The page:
The insurer argued that the claim for additional damages was either a “supplemental” claim or a “reopened” claim and was not ripe for appraisal because coverage had not been determined for the “supplemental” or “reopened” claim. In other words, coverage was in dispute. The insured argued that (1) it had only one single claim with one single claim number, and the claim was still open and being adjusted at the time the insured sought additional payments, and (2) the initial claim was never “finalized” or “settled” because there was a disagreement regarding the “amount of loss.” The DCA agreed with the insured.
The court determined that even though the policy requires the insured to report any “supplemental” or “reopened” claim, “the policy is silent as to whether a new coverage decision is required for a ‘reopened’ or ‘supplemental’ claim where the insurer has already admitted coverage for the initial claim.” Wellington Place HOA, at 5. Furthermore, contrary to the insurer’s arguments, no additional coverage determination was needed for the “supplemental” or “reopened” claim because “the insured’s initial claim was never settled or closed after the insurer admitted coverage.” Id. at 6. In fact, the DCA specifically relied upon the insurer’s own letter stating that the “initial estimate did not constitute a settlement of the claim.” The DCA concluded that this statement was significant and instructive. In the insurer’s November 2017 letter, it had already “admitted coverage for the insured’s loss as a whole and determined the roof damage that was initially reported in 2017 was covered,” and as the court explained, “a subsequent claim should be treated as part of the initial claim if the insurer has accepted coverage for the initial claim and the claim has not been settled.” Id. at 7.
The Fourth DCA was not persuaded by the insurer’s argument that the insured’s request for payments for additional roof damage or replacement of windows or doors required an additional coverage decision. The Fourth DCA again looked at November 2017 letter. “The insurer specifically advised the insured that its initial estimate did not constitute a settlement of the claim and indicated that supplemental payments could be made if the insured submitted a higher estimate or discovered ‘additional damages.’ The insured did discover ‘additional damages’ and submitted a higher estimate to the insurer as instructed.” Id. at 6. Based on its review of the insurer’s letter, the court determined that additional damages were actually contemplated by the letter and thus these additional damages could be included as damages that the insurer admitted were covered. Coverage was still, therefore, undisputed.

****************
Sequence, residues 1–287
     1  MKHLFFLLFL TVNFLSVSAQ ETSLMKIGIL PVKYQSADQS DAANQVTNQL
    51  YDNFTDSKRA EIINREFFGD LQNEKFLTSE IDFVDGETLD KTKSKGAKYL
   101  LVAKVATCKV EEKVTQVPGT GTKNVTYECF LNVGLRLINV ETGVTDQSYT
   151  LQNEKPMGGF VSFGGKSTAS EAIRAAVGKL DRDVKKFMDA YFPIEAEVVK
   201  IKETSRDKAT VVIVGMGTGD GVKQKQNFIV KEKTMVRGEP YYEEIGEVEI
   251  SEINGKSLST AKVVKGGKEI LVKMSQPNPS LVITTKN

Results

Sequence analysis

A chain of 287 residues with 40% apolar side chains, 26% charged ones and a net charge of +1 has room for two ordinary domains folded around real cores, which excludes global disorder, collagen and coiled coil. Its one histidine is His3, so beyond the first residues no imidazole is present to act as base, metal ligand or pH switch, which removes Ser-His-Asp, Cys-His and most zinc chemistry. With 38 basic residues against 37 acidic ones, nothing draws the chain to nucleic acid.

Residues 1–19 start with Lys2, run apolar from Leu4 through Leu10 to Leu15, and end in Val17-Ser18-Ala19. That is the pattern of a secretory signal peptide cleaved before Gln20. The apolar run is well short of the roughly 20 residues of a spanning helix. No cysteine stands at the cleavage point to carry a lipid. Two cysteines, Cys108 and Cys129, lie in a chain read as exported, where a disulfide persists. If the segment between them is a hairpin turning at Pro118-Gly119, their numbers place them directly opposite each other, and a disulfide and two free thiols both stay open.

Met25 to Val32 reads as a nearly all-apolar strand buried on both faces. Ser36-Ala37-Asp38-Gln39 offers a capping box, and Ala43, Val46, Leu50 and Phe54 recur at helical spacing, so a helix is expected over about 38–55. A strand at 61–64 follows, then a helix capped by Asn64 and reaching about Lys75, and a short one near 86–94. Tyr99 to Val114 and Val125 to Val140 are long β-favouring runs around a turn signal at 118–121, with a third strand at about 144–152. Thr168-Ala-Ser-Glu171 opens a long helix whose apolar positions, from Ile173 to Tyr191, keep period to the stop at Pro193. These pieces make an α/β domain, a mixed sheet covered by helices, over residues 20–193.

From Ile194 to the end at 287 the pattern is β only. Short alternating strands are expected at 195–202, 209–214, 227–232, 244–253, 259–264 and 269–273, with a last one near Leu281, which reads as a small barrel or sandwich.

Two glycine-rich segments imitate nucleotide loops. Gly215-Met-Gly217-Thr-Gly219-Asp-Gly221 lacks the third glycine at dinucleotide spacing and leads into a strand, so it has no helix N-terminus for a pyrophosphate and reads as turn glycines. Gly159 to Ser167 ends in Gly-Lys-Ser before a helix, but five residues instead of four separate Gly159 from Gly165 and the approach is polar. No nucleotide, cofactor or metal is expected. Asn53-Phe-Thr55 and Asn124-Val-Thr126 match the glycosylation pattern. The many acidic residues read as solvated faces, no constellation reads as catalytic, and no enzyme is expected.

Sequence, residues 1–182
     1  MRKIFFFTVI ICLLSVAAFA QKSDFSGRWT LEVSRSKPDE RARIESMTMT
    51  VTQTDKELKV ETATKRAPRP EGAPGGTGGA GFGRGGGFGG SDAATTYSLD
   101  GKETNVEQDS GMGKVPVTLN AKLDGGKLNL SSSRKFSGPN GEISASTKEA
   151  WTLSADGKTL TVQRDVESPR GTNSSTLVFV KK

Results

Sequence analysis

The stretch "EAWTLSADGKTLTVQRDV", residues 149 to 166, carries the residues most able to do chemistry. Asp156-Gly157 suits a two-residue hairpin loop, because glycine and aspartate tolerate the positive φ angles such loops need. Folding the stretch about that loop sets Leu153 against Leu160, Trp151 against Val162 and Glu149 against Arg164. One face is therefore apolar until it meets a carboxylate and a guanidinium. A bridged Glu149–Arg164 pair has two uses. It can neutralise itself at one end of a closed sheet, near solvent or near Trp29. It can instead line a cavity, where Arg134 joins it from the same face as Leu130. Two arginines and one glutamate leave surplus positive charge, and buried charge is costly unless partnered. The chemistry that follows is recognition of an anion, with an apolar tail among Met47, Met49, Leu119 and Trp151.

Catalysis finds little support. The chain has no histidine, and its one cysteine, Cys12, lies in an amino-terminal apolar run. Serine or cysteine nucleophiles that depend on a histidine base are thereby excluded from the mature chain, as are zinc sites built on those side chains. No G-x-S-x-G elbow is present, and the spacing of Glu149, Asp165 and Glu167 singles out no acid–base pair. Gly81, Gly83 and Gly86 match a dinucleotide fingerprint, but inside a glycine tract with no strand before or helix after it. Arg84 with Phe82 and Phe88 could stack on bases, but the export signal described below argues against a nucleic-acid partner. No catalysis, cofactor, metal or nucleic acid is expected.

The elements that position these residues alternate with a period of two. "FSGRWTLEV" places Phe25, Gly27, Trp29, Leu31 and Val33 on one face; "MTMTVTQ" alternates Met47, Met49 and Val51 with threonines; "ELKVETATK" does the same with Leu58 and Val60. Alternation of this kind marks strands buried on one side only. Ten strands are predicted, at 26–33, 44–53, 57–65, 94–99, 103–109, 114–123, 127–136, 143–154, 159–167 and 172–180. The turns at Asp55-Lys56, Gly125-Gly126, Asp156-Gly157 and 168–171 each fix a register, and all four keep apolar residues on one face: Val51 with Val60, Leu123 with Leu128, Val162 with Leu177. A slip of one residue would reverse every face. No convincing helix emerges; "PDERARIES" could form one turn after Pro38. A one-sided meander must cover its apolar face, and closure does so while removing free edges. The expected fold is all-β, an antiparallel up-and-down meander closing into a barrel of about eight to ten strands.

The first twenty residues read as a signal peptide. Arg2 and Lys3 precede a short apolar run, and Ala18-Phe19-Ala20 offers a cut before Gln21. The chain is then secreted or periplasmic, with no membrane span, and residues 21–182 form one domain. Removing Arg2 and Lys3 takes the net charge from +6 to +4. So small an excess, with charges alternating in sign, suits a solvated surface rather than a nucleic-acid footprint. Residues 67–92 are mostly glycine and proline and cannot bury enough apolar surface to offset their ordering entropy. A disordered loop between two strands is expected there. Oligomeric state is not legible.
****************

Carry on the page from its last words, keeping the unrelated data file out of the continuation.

In the Fourth DCA, a case can only proceed to appraisal when coverage is not in dispute, and in determining whether coverage is in dispute, the insurer’s correspondence is instructive. If letters sent by an insurer do not clearly state that the coverage decision is final and/or settled or that the claim is closed, then it is the Fourth DCA’s position that the claim is still open. If the claim is open, then insurer cannot have denied coverage. If coverage was not denied, then coverage cannot be in dispute, which means the claim is ripe for appraisal. Insurers should be mindful of addressing this issue in correspondence with insureds.
1The policy found in the underlying Palm Beach case docket for Case No. 50-2022-CA-001822-XXXX-MB contains the following one-way appraisal language: “If we and you disagree on the value of the property or the amount of loss, either may make written demand for an appraisal of the loss…If there is an appraisal, we will still retain our right to deny the claim.” Given that the appraisal provision in the policy contained one-way language, the insurer did not have the option to reject the request for appraisal. As such, the only way for the insurer to avoid appraisal was to argue that coverage was in dispute and thus the case was not ripe for appraisal.